Education

July 11, 2013

Under cloud, Sumter High testing scrutinized by SLED

Whether to launch a full investigation into the testing practices at Sumter High School remains under consideration by the State Law Enforcement Division, a spokesman with the department said Thursday.

Whether to launch a full investigation into the testing practices at Sumter High School remains under consideration by the State Law Enforcement Division, a spokesman with the department said Thursday.

"There's nothing new (regarding the investigation) with Sumter High. It is still under consideration," said Thom Berry, spokesman for SLED.

It has now been five weeks since the South Carolina Department of Education requested SLED to launch a criminal investigation into the local high school for its testing conditions and practices during the annual High School Assessment Program exam conducted in April.

This request came after the state education office investigated the local campus during the testing themselves and, according to its report, found several testing violations. Included in their findings, education department officials said they found testing materials not being secured properly at the campus, as well as evidence that teachers and testing administrators were not provided materials for adequate review and training, and an overall poor testing environment for students.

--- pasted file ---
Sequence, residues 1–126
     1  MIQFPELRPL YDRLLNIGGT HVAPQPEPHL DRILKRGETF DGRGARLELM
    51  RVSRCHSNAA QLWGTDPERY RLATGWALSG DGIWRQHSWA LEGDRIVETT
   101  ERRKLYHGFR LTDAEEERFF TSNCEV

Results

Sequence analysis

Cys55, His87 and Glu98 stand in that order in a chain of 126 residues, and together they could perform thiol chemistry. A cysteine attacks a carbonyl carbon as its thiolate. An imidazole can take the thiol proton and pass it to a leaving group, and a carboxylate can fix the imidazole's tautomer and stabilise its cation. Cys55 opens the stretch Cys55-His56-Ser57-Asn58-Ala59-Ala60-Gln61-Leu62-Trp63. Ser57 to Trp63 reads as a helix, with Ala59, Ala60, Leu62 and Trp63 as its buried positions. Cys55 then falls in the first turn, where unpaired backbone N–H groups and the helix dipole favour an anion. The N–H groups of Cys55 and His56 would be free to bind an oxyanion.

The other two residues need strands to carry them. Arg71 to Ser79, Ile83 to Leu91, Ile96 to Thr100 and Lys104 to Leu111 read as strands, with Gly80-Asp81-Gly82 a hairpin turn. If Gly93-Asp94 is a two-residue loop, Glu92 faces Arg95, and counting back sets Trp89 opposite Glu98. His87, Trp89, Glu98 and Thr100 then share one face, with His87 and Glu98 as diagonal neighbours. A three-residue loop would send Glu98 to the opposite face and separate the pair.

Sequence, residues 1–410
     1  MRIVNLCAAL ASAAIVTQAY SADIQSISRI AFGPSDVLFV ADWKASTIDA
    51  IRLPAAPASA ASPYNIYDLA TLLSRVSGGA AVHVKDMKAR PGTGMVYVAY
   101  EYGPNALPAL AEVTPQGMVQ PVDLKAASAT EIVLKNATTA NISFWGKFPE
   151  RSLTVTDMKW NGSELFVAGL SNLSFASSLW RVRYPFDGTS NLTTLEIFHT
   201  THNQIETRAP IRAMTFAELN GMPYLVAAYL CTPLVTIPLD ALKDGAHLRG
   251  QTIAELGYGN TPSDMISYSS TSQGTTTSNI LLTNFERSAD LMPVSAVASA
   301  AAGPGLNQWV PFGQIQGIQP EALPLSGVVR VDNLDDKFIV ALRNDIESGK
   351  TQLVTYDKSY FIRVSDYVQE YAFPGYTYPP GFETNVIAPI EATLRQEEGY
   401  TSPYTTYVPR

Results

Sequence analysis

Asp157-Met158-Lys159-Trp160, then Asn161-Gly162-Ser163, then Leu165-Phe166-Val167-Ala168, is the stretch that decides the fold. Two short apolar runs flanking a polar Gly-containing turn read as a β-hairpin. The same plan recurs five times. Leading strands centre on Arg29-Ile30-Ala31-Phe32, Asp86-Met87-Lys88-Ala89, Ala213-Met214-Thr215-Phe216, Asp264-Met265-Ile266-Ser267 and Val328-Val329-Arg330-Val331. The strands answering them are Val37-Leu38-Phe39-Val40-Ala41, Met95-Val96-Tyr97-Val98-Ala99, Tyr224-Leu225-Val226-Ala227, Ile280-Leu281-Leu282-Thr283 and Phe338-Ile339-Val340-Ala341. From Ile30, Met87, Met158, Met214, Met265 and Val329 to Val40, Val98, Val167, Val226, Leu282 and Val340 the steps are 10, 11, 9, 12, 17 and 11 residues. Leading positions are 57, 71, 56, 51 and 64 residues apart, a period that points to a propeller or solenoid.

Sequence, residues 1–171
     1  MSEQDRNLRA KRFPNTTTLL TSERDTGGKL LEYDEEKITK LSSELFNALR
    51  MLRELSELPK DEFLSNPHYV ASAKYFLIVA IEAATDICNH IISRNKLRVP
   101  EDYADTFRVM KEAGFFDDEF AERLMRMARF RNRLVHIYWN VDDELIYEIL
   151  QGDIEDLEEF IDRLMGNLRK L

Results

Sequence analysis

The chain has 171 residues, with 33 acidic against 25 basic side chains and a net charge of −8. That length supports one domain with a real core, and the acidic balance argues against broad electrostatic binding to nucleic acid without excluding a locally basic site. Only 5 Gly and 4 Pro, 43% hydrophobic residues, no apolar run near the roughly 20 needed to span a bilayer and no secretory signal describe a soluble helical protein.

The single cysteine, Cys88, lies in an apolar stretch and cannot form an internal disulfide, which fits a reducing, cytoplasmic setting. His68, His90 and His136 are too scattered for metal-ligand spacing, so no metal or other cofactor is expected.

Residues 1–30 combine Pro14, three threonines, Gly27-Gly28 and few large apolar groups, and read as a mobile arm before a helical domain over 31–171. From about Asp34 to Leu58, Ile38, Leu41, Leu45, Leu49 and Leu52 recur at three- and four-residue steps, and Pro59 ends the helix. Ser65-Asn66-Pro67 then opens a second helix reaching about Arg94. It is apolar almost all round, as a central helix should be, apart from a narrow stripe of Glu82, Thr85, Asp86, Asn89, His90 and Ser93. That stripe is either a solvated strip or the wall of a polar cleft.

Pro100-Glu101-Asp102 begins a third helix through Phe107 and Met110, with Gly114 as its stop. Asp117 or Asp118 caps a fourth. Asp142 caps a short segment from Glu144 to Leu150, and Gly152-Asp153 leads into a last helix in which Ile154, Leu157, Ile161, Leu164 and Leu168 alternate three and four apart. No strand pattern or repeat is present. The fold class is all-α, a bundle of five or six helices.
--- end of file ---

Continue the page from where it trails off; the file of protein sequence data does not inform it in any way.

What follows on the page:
Sterling Harris, principal at Sumter High, responded to the report with a letter in which he both denied some of the alleged violations occurred and also questioned the motivations for the investigation. As part of its request, the education department has asked SLED, if possible, to complete the investigation within three months, meaning the report could be finished before the beginning of the 2013-14 school year.

According to state law, anyone found guilty of violating mandated procedures faces not only misdemeanor charges with a maximum penalty of 90 days in jail and a $1,000 fine, but can also have their administrative or teaching credentials revoked.

Jay Ragley, spokesman for the South Carolina Department of Education, said Thursday the department has no further comment on the matter at this time, other than to say the department continues to stand by its initial report.

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